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Issue 42 : July 2013  

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"La Escuelita" at Tropack

Have you ever wondered what it's like to master the art of trimming and filleting?
Everyday, workers at our processing plants work vigorously to process and pack the fresh fish that you receive every day.

In order to meet our tilapia demand while maintaining quality and consistency; the Tropical Packing group in Ecuador established "La Escuelita" [The Little School] in 2009, a training academy for tilapia processing.

"La Escuelita" was created with a focus "to motivate our plant workers to master filleting and trimming techniques by providing them with a place for skill practice and improvement", said Shirley Santos, Administrative Manager at the academy. Students at "La Escuelita" are instructed on how to perform key and specialized techniques on the production floor.

The program consists of a two-month training period and can accommodate up to 20 students per class. Both, internal workers and external candidates can apply to "La Escuelita". Upon successful completion of the program, graduates have the opportunity to earn a better income when working on the tilapia-processing floor.

The program is composed of 4 stages:
  1. Selection Process
  2. Training on Basic Techniques and Concepts
  3. Perfecting the Technique
  4. Final Grading and Graduation
Once admitted into "La Escuelita", hands-on training on basic techniques and concepts begins. Students are assigned a working station where they are instructed step by step on filleting and trimming techniques of various product specifications. Read More.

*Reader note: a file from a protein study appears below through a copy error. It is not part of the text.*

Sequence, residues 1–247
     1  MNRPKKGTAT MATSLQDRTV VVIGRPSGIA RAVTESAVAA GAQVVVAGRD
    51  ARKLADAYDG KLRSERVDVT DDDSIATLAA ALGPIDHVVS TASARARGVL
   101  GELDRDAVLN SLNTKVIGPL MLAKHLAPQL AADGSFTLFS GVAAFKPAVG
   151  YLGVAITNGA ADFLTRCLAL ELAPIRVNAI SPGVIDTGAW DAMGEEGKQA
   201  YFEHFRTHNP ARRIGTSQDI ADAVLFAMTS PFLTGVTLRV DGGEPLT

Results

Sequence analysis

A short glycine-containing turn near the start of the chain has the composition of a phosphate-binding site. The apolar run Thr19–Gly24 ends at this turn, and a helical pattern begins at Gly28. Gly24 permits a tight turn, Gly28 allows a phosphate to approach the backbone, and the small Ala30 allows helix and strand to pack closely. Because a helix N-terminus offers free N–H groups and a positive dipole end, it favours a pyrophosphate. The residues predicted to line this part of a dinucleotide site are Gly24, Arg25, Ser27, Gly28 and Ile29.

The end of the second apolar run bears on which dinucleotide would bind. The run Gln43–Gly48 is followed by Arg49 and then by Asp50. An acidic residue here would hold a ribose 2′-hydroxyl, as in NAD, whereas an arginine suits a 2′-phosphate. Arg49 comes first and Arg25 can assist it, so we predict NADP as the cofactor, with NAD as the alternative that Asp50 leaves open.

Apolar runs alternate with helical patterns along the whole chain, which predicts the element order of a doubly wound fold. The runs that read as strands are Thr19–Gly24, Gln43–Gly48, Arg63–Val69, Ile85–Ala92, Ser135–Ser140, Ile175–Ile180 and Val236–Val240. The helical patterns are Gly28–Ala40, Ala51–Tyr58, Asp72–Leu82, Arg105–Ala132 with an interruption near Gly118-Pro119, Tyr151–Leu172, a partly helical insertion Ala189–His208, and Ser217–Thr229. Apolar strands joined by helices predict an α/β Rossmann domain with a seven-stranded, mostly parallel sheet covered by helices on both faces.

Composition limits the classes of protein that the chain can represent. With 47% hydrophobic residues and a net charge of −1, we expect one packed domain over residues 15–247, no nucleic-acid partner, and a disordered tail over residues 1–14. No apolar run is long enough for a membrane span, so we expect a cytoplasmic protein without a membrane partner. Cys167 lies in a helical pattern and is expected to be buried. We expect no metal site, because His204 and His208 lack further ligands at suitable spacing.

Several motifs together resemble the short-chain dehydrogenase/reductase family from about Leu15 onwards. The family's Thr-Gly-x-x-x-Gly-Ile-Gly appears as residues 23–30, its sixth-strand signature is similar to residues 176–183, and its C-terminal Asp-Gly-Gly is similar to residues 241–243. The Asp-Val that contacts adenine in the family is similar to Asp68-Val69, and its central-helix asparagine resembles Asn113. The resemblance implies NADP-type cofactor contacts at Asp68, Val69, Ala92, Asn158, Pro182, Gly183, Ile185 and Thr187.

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We have a correction to June's section of Fun Facts.

Q: Why do crustaceans change color when cooked?
Our friends at the New England Aquarium explain about crustacean coloring
Sibling lobsters. Left: fed diet w/ Astaxanthin; Right: fed diet deficient in Astaxanthin pigment.
A: Astaxanthin is a red carotenid and is the most abundant carotenoid pigment found in some crustaceans (i.e. shrimp, crab, lobster). When the Astaxanthin pigment moves into the shell, proteins grab onto the end and twist it, flattening it out. This shifts the color (called a bathochromic shift) from red to blue. In an outer layer of the shell, the protein-astaxanthin cross-bind again; further twisting the pigment and again changing its color from blue to yellow (a hypsochromic shift). 

So, in living crustaceans we look through yellow and blue to red coloring resulting in the muddy brown lobster color (blue crabs have more pigment in the blue phase, European lobsters that are green have lots of yellow and blue). When they are cooked, the proteins denature, release the pigments and they revert to their red color.  

Source: Michael Tlusty, Ph.D., Director of Research, New England Aquarium

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Salmon Pineapple Kabobs  
Think Juicy Grilling!
The pineapple in this recipe will add a sweet and succulent touch to every nutritious salmon bite! Click here for the recipe.
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Staff Notes

This month, we had a few birthday celebrations at the Tropical office!
Matt Busko, Logistics Coordinator, celebrated his birthday on the first of this month; Victoria Martinez, Sales Representative celebrated on July 4th and we'll end the month with Roberto Cabrera, Logistics Coordinator on July 29th - Feliz Cumpleaņos!
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